8 Other Ways to Say “In Other Words”

Other Ways to Say In Other Words

In the vast expanse of the English language, there are countless ways to express an idea. One such expression we often use to clarify or retell our thoughts is “in other words.” But what if you’re in a situation where repetition seems redundant, or you’re just looking for a more compelling way to convey the same feeling? There are numerous alternatives to the phrase “in other words.”

In this piece, we’ll explore these alternatives, offering you a richer palette of expressions with which to improve your communication. Let’s embark on this linguistic journey!

Alternatives to “In other words”

The beauty of language lies in its richness and diversity. By expanding your vocabulary, you can convey the same idea in multiple ways, adding depth and nuance to your conversations.

Clarifying expressions

We often use “in other words” to clarify or simplify a statement. Here are some alternatives that serve the same purpose:

1. To put it differently

Example: “The project was successful. To put it differently, all our hard work paid off.”

Meaning: This phrase suggests another way of presenting the same idea or fact.

Usage: Use this when you want to repeat something in a clearer or more understandable way.

2. That is to say

Example: “He’s the CEO of the company; that is to say, he’s the top decision-maker.”

Meaning: This expression is used to introduce a more detailed or explicit explanation.

Usage: It is suitable when you want to give a more precise definition or clarification.

3. To paraphrase it

Example: “The weather is unpredictable. To paraphrase, it’s hard to tell whether it’s going to rain or shine.”

Meaning: It implies presenting the same information in a new or different way.

Usage: Use this when you want to say something simpler or clearer.

4. Simply put

Example: “The data is inconclusive. Simply put, we can’t make a definitive statement yet.”

Meaning: This phrase introduces a simpler or clearer explanation.

Usage: It’s perfect when you want to break down a complex idea into its essential essence.

5. What I mean is

Example: “The movie was a visual treat. I mean the cinematography was outstanding.”

Meaning: This expression is used to clarify or emphasize a point.

Usage: Use this when you feel that your initial statement may not have been clear enough.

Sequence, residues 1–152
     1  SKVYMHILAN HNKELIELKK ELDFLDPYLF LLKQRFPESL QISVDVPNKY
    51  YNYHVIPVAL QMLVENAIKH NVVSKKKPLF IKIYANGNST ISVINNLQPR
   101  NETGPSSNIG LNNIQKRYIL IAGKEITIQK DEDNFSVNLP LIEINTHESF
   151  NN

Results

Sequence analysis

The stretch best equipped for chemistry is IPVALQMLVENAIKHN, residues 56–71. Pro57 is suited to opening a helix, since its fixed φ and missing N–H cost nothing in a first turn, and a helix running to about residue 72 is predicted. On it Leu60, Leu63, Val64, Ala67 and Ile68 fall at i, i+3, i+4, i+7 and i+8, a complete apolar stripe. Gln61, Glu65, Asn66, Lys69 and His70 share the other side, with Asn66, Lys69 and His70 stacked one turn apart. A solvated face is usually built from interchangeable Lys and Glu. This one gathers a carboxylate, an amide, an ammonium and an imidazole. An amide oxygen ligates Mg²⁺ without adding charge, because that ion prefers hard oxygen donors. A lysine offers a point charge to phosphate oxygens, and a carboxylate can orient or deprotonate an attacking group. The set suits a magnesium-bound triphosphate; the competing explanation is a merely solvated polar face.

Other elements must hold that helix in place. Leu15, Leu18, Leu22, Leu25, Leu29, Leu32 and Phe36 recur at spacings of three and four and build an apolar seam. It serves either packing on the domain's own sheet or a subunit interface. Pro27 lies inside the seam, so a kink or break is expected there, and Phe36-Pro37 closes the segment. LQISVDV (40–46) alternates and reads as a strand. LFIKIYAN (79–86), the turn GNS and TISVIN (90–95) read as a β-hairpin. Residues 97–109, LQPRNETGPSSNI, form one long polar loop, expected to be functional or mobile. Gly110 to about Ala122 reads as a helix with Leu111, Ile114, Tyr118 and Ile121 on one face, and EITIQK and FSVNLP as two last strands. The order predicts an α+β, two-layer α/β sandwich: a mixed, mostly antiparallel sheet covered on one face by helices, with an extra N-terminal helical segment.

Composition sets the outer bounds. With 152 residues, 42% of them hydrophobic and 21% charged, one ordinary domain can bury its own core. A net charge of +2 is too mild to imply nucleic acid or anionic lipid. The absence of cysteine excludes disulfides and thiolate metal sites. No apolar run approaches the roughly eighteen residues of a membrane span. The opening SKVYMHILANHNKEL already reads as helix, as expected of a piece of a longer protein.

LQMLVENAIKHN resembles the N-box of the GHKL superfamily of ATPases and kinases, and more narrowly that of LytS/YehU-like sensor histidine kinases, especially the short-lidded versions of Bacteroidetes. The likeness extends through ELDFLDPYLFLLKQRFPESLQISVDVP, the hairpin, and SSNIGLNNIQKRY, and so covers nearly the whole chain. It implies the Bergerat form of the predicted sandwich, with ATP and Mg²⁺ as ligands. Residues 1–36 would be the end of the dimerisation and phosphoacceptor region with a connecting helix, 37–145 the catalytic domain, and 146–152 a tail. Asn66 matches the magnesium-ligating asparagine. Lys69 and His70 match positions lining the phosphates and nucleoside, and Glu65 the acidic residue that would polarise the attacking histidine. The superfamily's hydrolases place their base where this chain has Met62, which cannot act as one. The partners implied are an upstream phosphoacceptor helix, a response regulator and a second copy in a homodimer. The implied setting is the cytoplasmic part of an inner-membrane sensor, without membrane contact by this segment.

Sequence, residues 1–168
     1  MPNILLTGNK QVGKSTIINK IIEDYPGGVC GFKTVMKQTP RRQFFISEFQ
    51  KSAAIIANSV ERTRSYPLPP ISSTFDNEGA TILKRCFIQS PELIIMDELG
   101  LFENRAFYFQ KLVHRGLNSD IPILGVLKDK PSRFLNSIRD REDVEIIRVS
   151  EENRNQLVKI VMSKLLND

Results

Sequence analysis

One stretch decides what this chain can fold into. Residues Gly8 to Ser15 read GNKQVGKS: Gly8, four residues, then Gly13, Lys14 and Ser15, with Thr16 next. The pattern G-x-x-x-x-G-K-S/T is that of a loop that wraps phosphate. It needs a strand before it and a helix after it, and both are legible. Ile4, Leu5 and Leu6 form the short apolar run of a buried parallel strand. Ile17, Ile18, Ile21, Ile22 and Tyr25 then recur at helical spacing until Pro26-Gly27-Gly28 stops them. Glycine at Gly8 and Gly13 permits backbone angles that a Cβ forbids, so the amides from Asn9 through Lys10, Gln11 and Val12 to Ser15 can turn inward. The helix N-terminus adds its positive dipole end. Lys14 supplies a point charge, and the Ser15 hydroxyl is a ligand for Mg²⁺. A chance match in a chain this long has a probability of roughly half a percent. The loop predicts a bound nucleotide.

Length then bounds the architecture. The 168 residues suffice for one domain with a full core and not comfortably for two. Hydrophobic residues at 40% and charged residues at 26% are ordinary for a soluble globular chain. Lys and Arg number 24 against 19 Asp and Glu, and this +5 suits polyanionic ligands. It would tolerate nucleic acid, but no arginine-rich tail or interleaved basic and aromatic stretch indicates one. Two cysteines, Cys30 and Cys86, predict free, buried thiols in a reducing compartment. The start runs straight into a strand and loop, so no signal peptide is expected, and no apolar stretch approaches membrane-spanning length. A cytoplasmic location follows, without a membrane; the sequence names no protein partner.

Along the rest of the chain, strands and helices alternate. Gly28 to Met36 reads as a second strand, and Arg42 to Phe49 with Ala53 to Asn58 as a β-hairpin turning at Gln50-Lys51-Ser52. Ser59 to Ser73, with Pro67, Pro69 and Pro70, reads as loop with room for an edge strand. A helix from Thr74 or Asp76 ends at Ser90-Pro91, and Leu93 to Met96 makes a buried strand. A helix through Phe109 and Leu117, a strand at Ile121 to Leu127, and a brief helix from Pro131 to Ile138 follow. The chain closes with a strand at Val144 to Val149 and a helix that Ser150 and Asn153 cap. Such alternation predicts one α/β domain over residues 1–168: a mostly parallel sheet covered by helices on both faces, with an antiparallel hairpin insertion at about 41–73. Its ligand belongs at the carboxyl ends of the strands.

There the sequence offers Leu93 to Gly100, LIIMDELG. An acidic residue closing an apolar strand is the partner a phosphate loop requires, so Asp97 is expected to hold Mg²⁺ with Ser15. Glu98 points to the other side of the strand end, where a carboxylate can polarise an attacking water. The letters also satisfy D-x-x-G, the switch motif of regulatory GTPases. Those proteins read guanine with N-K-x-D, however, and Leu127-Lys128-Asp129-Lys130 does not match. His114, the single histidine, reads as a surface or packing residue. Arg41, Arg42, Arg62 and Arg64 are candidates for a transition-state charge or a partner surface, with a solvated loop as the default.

Elaborating on a Point

Sometimes, we use “in other words” to elaborate or provide more details. Here are phrases that can help you expand on your initial statement:

6. To elaborate

Example: “The design is ergonomic. To elaborate, it’s shaped for comfort and efficiency.”

Meaning: This phrase implies providing more detail or further explanation on a topic.

Use: Good for when you want to expand on a point you’ve just made.

7. In detail

Example: “The plan is comprehensive. In detail, it covers every aspect of the project from start to finish.”

Meaning: This expression indicates going deeper into the specifics of a topic.

Use: Use this when you want to provide a comprehensive explanation.

8. Let me spell it out

Example: “The policy is strict. Let me spell it out: no exceptions will be made.”

Meaning: This suggests explaining something in a very clear and simple manner.

Usage: It’s ideal when you want to ensure there’s no ambiguity in your statement.

When to use different expressions

The alternative you choose for ‘in other words’ must fit the context:

Casual Talk: Feel free to use casual expressions like “What I mean is” or “Just saying.”

Formal settings: In a professional or academic setting, choose phrases such as “To specify” or “That means.”

Written communication: When writing, especially in formal documents, clarity is paramount. Phrases like “To put it another way” or “In more detail” can be especially helpful.

8 Other Ways to Say In Other Words infographic


By expanding your vocabulary and keeping context in mind, you can communicate more effectively and more engagingly. So the next time you’re tempted to use “in other words,” consider one of the many alternatives to add flair to your conversation. For those who want to improve their language skills, platforms like Duolingo offer interactive lessons in different languages. Whether you’re a beginner or advanced, these resources can help you achieve language excellence.


  1. Can I use these alternatives interchangeably?
    • While many of these phrases can be used in similar contexts, it’s essential to ensure the chosen expression fits the tone and setting of the conversation.
  2. Are there more informal ways to rephrase “in other words”?
    • Absolutely! Phrases like “What I’m trying to say is” or “You get what I mean?” are more colloquial and can be used in casual chats.
  3. Is it essential to have so many alternatives?
    • While it’s not mandatory, having a range of expressions helps make your communication more dynamic and engaging. It also allows you to tailor your language to different audiences and settings.

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